I want to begin this post by welcoming our newest writer, Michael May, to Good Comics for Kids. You may have noticed Michael popping up in our roundtables; he has been eager to begin contributing to the blog, and because our host, SLJ, is still working on moving everything over to the new platform, he will be posting on my account for a while. I’m including his chibi here so you can get an idea of what he looks like.
Billy Fog and the Gift of Trouble Sight
By Guillaume Bianco
When my son was about seven or eight, he lost his grandmother, to whom he was especially close, as well as some other distant relatives. There were lots of funerals, and it was tough watching him process death. He had questions about what would happen if his mom and I died, or what would happen if he died. It was heartbreaking. People so close to the beginning of life shouldn’t have to think that hard about the end of it. But, of course, we do. And that’s what Billy Fog is going through in Guillaume Bianco’s graphic novel/miscellany.
It’s not apparent right away. At first look, Bianco’s book is a collection of short comics, illustrated poems, encyclopedia entries, and newspaper clippings. It’s possible to flip through it and be entertained by whatever random page turns up. In fact – except for the first few and last pages – every page in the book is numbered 13, reinforcing the notion that reading order isn’t all that important.
It is though. Reading Billy Fog from cover to cover, it becomes obvious that Bianco is telling a real story. And a terrifyingly tragic one.
Young Billy Fog is introduced in a comics sequence as one of those trouble-making kids that children’s literature is so fond of. He loves miserable weather and tormenting his little sister Jeannie. He cuts the heads off her dolls, calls her mean names, and generally makes Sid from Toy Story look like Boo from Monsters, Inc. When his equally tortured cat dies, Billy’s first reaction is to feel cheated. “I thought I’d get to watch him turn into a skeleton!” he huffs. “Stupid.”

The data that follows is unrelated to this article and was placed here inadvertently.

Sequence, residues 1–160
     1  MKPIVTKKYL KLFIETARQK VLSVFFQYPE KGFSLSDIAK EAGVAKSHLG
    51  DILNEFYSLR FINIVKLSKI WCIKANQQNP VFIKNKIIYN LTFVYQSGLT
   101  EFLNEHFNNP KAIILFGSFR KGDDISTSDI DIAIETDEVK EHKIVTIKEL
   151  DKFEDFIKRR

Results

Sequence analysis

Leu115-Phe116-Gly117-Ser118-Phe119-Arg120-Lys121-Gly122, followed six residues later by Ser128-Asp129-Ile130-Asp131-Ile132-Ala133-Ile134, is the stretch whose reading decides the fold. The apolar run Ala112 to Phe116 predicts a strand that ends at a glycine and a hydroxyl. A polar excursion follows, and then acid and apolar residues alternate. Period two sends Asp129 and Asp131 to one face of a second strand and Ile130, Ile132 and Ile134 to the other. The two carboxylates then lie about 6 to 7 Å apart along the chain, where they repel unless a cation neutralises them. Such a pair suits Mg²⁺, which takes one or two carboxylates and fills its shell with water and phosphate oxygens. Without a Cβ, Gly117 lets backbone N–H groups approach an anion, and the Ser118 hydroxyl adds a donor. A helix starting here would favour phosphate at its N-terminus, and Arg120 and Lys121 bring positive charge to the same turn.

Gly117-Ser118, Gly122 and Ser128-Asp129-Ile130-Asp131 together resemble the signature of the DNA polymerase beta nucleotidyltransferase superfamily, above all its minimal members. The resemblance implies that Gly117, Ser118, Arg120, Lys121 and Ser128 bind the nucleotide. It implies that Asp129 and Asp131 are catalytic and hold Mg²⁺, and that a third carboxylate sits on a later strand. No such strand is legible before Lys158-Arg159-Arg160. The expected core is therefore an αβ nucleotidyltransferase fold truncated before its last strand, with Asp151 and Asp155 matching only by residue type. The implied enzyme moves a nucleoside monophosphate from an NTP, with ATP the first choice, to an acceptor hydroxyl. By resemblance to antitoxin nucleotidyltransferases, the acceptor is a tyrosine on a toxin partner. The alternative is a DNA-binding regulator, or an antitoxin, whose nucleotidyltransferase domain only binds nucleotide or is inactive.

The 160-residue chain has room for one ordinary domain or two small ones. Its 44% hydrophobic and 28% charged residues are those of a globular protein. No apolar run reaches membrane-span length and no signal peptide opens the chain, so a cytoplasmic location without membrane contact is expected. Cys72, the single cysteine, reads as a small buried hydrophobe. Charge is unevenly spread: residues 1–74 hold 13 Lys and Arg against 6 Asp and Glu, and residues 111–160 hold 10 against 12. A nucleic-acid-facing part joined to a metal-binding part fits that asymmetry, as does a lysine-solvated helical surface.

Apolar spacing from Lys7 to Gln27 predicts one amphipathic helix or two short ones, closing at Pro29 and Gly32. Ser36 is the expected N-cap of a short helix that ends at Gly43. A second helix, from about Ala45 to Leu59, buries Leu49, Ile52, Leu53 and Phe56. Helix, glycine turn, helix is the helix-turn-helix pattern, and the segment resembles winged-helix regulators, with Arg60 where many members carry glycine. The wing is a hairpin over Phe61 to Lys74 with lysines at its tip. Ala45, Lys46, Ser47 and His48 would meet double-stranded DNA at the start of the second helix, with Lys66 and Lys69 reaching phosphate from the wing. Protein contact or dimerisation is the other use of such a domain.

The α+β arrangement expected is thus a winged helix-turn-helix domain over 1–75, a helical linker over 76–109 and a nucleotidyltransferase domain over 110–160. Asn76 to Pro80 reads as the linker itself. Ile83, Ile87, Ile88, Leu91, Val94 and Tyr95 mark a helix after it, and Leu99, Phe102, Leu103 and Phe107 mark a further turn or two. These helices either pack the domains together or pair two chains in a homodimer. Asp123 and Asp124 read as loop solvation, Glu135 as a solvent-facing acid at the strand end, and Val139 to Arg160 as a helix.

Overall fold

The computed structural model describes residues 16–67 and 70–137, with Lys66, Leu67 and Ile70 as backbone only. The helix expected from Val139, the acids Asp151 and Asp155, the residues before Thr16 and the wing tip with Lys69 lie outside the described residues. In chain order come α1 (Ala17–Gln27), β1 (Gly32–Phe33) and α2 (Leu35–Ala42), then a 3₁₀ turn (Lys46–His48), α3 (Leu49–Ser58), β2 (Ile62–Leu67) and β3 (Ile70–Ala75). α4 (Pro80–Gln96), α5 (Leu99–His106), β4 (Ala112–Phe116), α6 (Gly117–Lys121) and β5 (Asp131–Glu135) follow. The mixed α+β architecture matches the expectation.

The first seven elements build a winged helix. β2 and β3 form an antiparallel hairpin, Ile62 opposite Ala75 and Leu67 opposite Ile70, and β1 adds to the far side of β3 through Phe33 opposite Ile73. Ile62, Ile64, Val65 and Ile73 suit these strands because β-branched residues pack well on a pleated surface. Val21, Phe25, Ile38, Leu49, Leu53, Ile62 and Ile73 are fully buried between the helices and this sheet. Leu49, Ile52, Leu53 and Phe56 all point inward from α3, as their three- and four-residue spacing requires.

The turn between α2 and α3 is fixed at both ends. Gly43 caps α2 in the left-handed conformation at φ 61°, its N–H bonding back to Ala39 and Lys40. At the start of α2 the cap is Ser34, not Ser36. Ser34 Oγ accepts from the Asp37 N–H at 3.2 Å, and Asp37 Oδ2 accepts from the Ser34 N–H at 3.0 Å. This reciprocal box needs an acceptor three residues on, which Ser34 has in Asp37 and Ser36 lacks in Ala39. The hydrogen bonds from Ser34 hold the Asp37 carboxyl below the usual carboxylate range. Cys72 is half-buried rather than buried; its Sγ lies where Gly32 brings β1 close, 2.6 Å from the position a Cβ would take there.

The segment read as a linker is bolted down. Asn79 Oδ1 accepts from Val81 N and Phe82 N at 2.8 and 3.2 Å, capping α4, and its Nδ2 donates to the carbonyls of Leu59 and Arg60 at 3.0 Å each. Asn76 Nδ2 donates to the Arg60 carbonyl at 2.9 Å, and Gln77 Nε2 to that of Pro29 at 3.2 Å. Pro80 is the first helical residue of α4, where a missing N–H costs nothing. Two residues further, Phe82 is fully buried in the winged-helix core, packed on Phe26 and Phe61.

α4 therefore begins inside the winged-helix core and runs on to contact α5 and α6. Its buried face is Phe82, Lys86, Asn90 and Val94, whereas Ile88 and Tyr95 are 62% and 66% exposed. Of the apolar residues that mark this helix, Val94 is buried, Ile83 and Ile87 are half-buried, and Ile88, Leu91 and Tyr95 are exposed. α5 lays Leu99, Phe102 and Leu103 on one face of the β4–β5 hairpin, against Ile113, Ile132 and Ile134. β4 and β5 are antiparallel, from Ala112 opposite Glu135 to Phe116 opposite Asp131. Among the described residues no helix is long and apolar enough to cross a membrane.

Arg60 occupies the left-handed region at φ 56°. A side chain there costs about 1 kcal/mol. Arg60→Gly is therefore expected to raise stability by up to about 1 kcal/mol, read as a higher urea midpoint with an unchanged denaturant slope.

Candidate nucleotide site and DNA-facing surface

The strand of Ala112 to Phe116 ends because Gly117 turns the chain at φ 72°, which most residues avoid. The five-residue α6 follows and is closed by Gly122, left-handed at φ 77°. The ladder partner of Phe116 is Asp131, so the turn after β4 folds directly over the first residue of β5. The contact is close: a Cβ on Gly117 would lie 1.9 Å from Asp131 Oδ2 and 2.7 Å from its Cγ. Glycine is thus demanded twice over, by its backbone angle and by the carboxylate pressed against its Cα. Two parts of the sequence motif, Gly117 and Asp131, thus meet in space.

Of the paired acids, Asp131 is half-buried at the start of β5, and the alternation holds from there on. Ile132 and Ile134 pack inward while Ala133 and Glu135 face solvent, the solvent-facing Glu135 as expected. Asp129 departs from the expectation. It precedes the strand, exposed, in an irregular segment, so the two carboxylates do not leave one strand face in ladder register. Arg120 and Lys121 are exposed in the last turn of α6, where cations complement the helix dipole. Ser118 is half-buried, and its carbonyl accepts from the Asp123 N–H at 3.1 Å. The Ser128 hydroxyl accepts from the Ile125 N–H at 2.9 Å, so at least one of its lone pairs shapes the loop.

But as the book progresses, it becomes clear that Billy’s been more affected than he lets on. He writes a letter to Santa asking for the truth about death. He thinks more and more about dead creatures and dead people, asking questions that no one has answers to. That’s where the poetry and encyclopedia entries come in. Billy’s story keeps getting interrupted with a poem about The Little Knife Girl, information about vampires and nightmares, or newspaper articles on the proper use of a ouija board. They’re amusing—I especially like how Billy uses his odd creatures to explain why spinach is nasty and why you should not cover your mouth when you sneeze – but they become increasingly chilling as the death-theme begins to take shape. Billy is obsessed.
What’s also scary is the cloud of dread that forms around Billy’s sister. Billy admits to Santa that he loves Jeannie, but he’s no more capable of taking care of her than he was of his cat. Younger children likely won’t realize that they should be afraid for Jeannie’s life, but older kids and adults begin to worry, not just for Jeannie, but for what will happen to Billy if she dies.
Like all great children’s books, Billy Fog and the Gift of Trouble Sight works on multiple levels. It’s clever and funny and can be enjoyed simply for the creepy art, Billy’s strange imagination, and his even odder adventures. But it’s also a story about dealing with the idea of death. For children who are working through that, Billy Fog is a thoughtful and engaging—if irreverent—guide.
Michael May has been writing about comics for a little over a decade. He started as a reviewer for the defunct Comic World News website and went on to edit it for a while before joining The Great Curve, a comics blog that eventually became Blog@Newsarama and finally Comic Book Resources’ Robot 6. In addition to loving comics, he also loves his ten year old son and enjoys nothing more than finding (and writing about) awesome comics for the boy to read.